Before you do anything else – compare this to the UAD version here.
I like the .37 much better than the .51 for what these are meant to do — gimme some vintage. I also like the way the .37 has less of a low-end bump. If you really want to simply your workflow, try doing a mix using only these for your EQ. You will get a taste of how good the recording engineers were “back then.” You can find my presets for this here.
If you use this on each channel, slightly vary the amount of drive and analog on each instance. Tiny changes will model the small variances of a real board. Be aware though, there were only 4, 6, or 8 channels!
My PC-Channel preset. I have more movement (if you want to call it that) in the stereo field, and more analog noise including some hiss. It doesn’t go overboard on the noise, so you can use this on every channel for a vintage vibe. And like I said, I really like the .37 way better for that. You can get my presets here.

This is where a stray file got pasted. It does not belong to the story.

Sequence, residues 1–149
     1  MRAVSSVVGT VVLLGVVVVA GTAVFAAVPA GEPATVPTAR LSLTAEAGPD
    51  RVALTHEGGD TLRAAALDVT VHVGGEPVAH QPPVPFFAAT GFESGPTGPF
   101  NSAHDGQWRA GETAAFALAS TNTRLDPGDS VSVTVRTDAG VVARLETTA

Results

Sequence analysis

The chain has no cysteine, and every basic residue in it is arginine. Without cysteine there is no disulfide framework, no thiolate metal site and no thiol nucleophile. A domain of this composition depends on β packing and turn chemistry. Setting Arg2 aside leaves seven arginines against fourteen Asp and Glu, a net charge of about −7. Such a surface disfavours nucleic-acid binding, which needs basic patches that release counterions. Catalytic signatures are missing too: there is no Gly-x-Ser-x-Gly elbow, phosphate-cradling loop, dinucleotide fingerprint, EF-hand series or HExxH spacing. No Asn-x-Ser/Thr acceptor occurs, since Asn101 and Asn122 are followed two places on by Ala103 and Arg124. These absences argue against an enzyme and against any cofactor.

Yes, the king of unusual controls! And it just makes the HLS even more fun to use. I use this as part of a channel strip / console set-up along with the other Kramer plugins. You can read all about how I do that in the manual for my Waves presets here, and you can get the presets here.
Those graphs look pretty clean, a might too clean I would say. Not that I have a 1950s RS56 laying around, but I’m going to guess it was a bit more noisy and added a bit more distortion than this plugin. So — if you were dead set on perfectly re-creating the character of this vintage tool which was first used in mastering for vinyl cutting, you will be disappointed. You know, since you are obviously so familiar with that sound and all.